A set is a collection of well defined objects and intersection is one of the operations performed on sets.
Example : 1, 3, 5, 7 and 9 are distinct objects when they are considered separately and collectively they form a single set of size five. Written as {1, 3, 5, 7, 9}. Intersection of sets is the set of elements which are common in all the sets. The symbol used to denote intersection is $\cap$. In this page we will learn intersection of two sets, intersection of three sets, intersection of open sets, intersection of convex sets and few examples on intersection of sets. 

Intersection of two sets $A$ and $B$ is the set that contains all elements of $A$ that also belong to $B$ and no other elements.
It is the set of all objects that are members of both $A$ and $B$. Symbol for intersection is sometimes replaced by the word 'and' between two sets.

 Given below is an image of intersection of two sets.
Intersection of Two Sets
For two sets $A$ and $B$, intersection of $A$ and $B$ is written as A $\cap$ B.

Mathematically intersection of two sets A and B is defined as:

$A \cap B$ = {$x$ : $x$ $\in$ $A$ $\wedge$ $x$ $\in$ $B$}

Example: Find the intersection of $A$ and $B$.
$A$ = {2, 5, 7, 9, 23} 
$B$ = {5, 8, 9, 55, 59}

Solution:

Given:
$A$ = {2, 5, 7, 9, 23}

$B$ = {5, 8, 9, 55, 59}

We need to find the common elements from the above given sets.
From above we can clearly see 5 and 9 are the common elements.

Therefore $A \cap B$ = {5, 9}
The intersection is the set that contains elements that belong to all the given sets at the same time. 
Given three sets $A$, $B$ and $C$. We need to find the common elements among the given sets.

Given below is an image of intersection of three sets.
Intersection of Three Sets
Example : Find the intersection of $A$, $B$ and $C$.
$A$ = {Apple, Mango, Banana}
$B$ = { Strawbeery, Mango, Peech}
$C$ =  { Kiwi, Grapes, Mango}

Solution:

Given that:
 $A$ = {Apple, Mango, Banana}

 $B$ = { Strawbeery, Mango, Peech}

 $C$ =  {Kiwi, Grapes, Mango}

Common elements from the above given set is Mango.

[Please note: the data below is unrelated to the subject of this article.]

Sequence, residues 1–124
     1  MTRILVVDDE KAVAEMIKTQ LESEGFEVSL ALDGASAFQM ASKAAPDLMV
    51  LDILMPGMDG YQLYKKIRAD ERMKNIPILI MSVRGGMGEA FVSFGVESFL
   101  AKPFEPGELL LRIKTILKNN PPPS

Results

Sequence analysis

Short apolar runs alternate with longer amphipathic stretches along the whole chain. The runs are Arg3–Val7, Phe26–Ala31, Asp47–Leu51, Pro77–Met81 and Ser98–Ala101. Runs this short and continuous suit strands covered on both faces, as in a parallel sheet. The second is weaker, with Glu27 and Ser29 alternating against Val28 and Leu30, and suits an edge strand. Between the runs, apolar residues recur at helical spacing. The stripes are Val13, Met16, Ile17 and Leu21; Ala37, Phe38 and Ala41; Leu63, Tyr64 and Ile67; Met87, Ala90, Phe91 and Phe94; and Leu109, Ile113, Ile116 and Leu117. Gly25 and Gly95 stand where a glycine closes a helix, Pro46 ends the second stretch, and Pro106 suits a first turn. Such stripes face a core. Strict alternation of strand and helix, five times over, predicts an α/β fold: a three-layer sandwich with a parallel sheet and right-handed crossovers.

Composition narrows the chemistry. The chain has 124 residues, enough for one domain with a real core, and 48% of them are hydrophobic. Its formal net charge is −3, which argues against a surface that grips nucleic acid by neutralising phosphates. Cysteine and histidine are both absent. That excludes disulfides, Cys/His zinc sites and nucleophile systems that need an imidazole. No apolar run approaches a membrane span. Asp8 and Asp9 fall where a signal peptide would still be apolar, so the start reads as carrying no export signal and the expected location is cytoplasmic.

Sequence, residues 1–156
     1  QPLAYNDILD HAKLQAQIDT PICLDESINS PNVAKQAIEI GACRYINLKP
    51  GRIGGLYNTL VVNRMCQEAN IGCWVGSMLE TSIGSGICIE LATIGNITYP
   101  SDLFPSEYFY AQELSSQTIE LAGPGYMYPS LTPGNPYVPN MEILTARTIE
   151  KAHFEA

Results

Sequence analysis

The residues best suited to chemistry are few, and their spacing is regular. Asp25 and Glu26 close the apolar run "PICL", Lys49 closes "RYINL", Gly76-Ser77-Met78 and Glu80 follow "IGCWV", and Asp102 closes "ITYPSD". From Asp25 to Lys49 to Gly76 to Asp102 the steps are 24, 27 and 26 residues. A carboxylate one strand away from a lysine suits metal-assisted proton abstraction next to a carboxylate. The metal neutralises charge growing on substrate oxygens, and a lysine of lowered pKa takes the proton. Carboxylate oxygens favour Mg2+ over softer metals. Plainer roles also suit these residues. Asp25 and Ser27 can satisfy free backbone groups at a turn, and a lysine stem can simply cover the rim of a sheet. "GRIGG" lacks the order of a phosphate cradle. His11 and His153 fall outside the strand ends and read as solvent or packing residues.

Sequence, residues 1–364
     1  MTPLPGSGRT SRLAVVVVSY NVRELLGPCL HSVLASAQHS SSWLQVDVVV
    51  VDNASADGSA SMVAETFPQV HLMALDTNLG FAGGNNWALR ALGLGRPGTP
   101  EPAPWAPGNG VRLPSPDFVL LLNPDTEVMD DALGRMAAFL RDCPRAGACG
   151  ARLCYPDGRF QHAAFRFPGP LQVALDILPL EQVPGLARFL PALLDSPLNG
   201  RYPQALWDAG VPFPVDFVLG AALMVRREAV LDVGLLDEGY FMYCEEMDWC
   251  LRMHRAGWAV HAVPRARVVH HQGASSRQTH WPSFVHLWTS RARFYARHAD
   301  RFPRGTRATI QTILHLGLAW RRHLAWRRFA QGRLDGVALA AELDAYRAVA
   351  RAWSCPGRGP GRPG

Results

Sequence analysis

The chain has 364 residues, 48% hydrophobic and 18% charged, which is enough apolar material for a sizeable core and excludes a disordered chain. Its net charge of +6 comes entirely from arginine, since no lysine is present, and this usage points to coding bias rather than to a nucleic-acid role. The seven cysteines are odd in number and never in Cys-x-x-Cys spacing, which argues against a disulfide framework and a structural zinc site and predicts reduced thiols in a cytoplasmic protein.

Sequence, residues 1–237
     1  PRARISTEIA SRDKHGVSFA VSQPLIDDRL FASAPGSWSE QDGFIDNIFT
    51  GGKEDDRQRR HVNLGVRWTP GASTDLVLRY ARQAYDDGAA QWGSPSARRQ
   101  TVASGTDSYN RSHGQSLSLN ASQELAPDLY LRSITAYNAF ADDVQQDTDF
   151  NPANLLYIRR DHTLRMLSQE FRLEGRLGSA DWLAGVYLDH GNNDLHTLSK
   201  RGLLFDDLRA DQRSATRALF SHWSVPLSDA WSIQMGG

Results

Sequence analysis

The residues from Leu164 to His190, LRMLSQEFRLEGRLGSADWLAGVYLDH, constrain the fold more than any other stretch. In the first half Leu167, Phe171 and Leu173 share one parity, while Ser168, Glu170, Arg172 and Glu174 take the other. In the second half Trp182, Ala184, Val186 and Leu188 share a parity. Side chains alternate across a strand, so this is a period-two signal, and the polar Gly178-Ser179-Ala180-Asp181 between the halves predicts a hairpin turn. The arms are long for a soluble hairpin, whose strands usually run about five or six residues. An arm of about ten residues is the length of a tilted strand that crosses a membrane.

Therefore $A \cap B \cap C$ = {Mango}
Convex set contains line segments between any two points in the set. It is a straight line between any two points of the set and is also contained in the set.
If a and b are points in a vector space the points on the straight line between a and b is given by
$x$ = $\lambda$ $a$ + ( 1 - $\lambda$) b for all $\lambda$ from 0 to 1.
Statement : Intersection of two convex sets is also a convex set.

Proof: Consider $A$ and $B$ to be convex.

Let $C$ = $A \cap  B$

We need to prove that $C$ is convex

For this if $x$ and $y$ are elements of $C$ and being a scalar in (0, 1) then

$ax$ + $(1 - a) y$ will be an element of $C$.

Since $x$ and $y$ are in $C$ $x$ and $y$ are in $A$ also

As $A$ is convex we see that

$ax$ + $( 1 - a) y$ is in $A$      ----- (1)

Similarly $x$ and $y$ are in $B$, $B$ being convex

$ax$ + $( 1 - a) y$ is in $B$   ------ (2)

From (1) and (2) $ax$ + $(1 - a) y$ is in $A$ and $B$.

Therefore, $ax$ + $(1 - a) y$ is in $C$.

Hence Proved.
Open sets are defined as those sets which contain an open ball around each of their points.
For the open sets, the corresponding theorems hold:

1) The intersection of two open sets is open.

2) The space E and the null set 0 are open.

3) The sum of any number of open sets is open.
Statement : Finite intersection of open sets is open.

Proof: Lets us consider a set A is open if for every $x \in A$, there exists some $\in> 0$ such that $B(x, \in)$ = $(y : y \in C, d(x,y) < \in)$

Let $X$ = $A \cap B$ then any $x \in X$ implies $x \in A$ and $x \in B$

Assume $X$ is not open

Since x is not open there $x \in X$ such that $x$ is on the boundary of $X$.

$x$ is on the boundary of either $A$ or $B$.

As $x$ has to be an interior point of both $A$ and $B$. Therefore all elements of $X$ are interior points.

Therefore $X$ is open.
Example 1: Find the intersection of $A$ and $B$.

$A$ = {$x$ ; $x$ is a number bigger than 5 and smaller than 10}
$B$ = {$x$ ; $x$ is a positive number smaller than 8}

Solution:
$A$ = {6, 7, 8, 9}

$B$ = {1, 2, 3, 4, 5, 6, 7}

$A \cap B$ = { 6, 7}

Example 2: Find the intersection of $A$, $B$ and $C$.

$A$ = { $x$ ; 10 < $x$ < 15}

$B$ = { $x$ ; 7 < $x$ < 8}

$C$=  { $x$ ; -6 $\leq$ $x$ < 3}

Solution: As there are no common element

So $A \cap B \cap C$ = {}

Example 3:

Consider
 $A$ = {1, 3, 5, 7, 8, 9, 10, 11}

 $B$ = {2, 4, 6, 8, 10, 12}

 $C$ = {1, 3, 4, 6, 7, 8, 10 }

then find the  $A \cap B \cap C$.
Solution:

Given that:

 $A$ = {1, 3, 5, 7, 8, 9, 10, 11}

 $B$ = {2, 4, 6, 8, 10, 12}

 $C$ = {1, 3, 4, 6, 7, 8, 10}.
Common elements from the above given sets are 8 and 10.

Hence, we get $A \cap B \cap C$ = {8, 10}.